Thousands of education workers across Ontario are ready to start a strike on Monday.
In Canadian Union of public employees (CUPE), which represents over 55,000 educators, reported that a notice of five days necessary to comply with legal requirements to start a strike, was granted.
This week staff including technical and office workers, and educators began a campaign to “work strictly by the rules”.
Technical workers stopped to remove the corridors and make the trash cans near schools, office workers stopped looking for the replacement of absent employees and education workers have stopped working overtime.
The Union has stated its willingness to return to the negotiating table to avoid starting full-scale strike.
Education Minister Stephen Lecce said Tuesday that CUPE has adopted the government’s proposal for new dates for the resumption of the procedure of finding a solution to the conflict.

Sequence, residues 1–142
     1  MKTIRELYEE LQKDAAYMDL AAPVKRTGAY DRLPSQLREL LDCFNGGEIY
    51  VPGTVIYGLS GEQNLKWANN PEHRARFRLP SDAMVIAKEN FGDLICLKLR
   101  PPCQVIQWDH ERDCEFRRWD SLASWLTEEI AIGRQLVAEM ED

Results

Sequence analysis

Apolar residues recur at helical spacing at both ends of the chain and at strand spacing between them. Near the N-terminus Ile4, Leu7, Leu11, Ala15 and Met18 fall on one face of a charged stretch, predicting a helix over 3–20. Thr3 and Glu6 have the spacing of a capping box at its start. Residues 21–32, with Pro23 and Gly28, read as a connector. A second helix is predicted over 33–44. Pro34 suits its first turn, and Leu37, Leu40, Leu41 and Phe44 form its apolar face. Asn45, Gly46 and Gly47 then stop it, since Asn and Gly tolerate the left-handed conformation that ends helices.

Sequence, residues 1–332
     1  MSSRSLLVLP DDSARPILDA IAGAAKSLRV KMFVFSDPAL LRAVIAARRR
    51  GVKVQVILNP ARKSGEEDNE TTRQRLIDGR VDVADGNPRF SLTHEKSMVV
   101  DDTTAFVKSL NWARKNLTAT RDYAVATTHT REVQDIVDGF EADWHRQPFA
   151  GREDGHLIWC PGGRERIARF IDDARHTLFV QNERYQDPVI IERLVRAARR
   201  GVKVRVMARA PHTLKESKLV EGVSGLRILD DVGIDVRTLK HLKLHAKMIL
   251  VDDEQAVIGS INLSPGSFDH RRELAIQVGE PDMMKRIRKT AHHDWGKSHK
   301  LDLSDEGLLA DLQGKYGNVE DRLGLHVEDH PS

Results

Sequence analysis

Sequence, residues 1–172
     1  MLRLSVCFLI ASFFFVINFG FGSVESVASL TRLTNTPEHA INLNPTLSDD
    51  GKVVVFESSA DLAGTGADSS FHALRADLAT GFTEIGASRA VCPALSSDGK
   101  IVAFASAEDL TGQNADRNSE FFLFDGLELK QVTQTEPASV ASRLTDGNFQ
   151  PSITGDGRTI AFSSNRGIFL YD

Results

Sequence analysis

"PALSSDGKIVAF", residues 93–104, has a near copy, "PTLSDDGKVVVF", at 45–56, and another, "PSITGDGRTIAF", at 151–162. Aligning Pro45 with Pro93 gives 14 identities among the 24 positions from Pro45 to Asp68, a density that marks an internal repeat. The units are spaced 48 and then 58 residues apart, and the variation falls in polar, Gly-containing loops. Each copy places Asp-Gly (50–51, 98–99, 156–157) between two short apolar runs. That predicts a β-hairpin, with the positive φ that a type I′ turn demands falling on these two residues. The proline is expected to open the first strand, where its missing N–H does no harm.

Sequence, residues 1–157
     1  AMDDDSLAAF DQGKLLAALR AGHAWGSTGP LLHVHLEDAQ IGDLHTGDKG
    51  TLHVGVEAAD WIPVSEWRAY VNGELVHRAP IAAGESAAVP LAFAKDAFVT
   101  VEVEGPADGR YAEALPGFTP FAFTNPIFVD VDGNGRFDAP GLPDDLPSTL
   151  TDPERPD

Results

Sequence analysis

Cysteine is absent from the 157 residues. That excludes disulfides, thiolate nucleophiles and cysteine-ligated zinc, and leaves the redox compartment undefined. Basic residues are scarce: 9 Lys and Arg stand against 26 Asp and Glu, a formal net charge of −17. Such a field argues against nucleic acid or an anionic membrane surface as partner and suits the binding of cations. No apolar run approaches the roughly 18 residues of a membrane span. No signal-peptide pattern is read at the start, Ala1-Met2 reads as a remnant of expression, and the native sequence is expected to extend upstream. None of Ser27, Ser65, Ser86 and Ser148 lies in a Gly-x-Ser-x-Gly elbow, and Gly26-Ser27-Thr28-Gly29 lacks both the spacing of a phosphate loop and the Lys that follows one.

But the Union denied this information, saying that no date had yet been proposed, and the parties are too far apart on the basic positions to return to the negotiating table.
Katrine Johns has been a reporter on the news desk since 2013. Before that she wrote about young adolescence and family dynamics for Styles and was the legal affairs correspondent for the Metro desk. Before joining The Gal Post, Katrine Johns worked as a staff writer at the Village Voice and a freelancer for Newsday, The Wall Street Journal, GQ and Mirabella. To get in touch, contact me through my email@example.com 1-800-268-7128